It is possible to train children to pass tests in reading and writing, but unless the child is a reader they will not have the skills to become fully literate. There will always be a glass ceiling limiting their development.
The simple fact is the reading child is a successful child. If you read for pleasure you absorb the rhythms and patterns of written language; you engage with the conventions of spelling; you synthesise the rules of grammar with the need to communicate.
In the light of this, I would argue a few simple points:
* reading and the school library must be at the heart of the curriculum with professional librarians co-ordinating book provision;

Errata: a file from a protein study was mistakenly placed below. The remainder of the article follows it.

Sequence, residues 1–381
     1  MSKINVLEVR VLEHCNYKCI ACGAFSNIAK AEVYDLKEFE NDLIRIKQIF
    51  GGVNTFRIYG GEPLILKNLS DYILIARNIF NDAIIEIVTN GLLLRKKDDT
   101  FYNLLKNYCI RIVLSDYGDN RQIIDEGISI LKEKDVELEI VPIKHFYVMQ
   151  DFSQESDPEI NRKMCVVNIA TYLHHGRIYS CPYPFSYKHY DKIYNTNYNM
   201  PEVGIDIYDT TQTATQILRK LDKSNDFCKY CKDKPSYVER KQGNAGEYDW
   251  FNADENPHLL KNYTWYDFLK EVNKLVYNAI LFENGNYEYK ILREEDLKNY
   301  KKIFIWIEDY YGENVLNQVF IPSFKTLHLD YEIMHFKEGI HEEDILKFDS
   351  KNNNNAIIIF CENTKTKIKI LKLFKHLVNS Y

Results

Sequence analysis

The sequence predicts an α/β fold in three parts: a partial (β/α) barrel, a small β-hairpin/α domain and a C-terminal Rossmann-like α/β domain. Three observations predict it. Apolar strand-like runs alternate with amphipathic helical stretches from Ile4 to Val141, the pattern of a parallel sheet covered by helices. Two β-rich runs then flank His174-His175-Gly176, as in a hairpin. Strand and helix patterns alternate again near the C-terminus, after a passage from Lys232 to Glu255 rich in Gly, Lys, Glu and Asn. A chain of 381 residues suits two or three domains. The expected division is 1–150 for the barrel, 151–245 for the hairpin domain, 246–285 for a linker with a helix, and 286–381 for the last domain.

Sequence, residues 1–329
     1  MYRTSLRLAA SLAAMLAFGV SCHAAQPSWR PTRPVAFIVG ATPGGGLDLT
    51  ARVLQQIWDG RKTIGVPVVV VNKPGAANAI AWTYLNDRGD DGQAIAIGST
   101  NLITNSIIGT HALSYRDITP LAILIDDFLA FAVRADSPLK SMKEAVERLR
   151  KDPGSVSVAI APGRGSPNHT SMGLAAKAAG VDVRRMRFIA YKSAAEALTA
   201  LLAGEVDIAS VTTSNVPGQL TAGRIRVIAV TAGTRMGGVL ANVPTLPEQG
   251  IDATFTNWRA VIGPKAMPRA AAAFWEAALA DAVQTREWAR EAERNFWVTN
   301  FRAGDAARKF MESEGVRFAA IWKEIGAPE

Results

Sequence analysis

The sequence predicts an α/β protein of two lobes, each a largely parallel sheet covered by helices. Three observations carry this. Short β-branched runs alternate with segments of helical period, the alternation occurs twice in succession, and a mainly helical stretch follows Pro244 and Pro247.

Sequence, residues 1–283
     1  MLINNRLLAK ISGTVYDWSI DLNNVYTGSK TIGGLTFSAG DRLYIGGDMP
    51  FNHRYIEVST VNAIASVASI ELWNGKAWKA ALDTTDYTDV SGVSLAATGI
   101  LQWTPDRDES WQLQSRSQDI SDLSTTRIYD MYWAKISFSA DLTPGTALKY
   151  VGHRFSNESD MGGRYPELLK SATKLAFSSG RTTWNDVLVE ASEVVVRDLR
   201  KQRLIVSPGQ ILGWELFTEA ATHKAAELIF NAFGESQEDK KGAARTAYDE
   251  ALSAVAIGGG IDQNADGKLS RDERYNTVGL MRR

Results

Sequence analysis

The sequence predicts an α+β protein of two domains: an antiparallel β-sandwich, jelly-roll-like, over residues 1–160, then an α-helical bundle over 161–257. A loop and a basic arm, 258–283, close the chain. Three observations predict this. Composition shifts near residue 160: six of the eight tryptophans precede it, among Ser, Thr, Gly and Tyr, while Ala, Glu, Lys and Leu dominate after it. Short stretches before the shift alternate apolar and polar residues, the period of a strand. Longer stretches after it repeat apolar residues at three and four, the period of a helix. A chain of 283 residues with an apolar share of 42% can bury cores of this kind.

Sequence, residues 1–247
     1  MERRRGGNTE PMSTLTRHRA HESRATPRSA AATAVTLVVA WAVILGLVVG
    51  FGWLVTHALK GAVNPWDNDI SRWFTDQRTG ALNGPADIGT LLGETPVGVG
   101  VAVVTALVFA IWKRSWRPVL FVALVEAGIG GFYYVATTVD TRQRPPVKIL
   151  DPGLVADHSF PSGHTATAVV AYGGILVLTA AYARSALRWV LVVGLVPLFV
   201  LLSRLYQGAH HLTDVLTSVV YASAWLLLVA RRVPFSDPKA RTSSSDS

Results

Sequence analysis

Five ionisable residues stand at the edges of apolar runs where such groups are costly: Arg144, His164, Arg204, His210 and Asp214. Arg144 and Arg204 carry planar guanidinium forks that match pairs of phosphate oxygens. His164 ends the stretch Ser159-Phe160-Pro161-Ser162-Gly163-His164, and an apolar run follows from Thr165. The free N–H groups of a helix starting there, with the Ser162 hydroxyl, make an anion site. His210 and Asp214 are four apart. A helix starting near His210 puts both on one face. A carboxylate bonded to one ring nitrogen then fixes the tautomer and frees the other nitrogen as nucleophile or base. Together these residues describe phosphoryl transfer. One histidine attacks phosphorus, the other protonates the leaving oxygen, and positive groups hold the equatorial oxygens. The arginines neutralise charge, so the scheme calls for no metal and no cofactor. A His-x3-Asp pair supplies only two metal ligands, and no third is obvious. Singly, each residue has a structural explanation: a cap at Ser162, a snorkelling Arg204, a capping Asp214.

* money should be spent on this not another futile government initiative based on the current testing regime which would inevitably be built on sand;
* teachers should have their administrative burden reduced so they can read something other than useless documents and communicate their enthusiasm for the written word to their pupils;
* every class should have a book of the week with a child's review of it displayed;
* there should be a national tour of writers and celebrities raising the profile of reading;
* the Government should launch a national campaign in schools and the media to "switch off the TV for an hour a day". Parents and children would be encouraged to read without the distraction of electronic media.
I am convinced such a plan of action would substantially raise standards of literacy - and not one child would have to undergo a test to achieve that blessed objective!
Alan Gibbons Children's author and teacher 13 Chatsworth Avenue Orrell Park Liverpool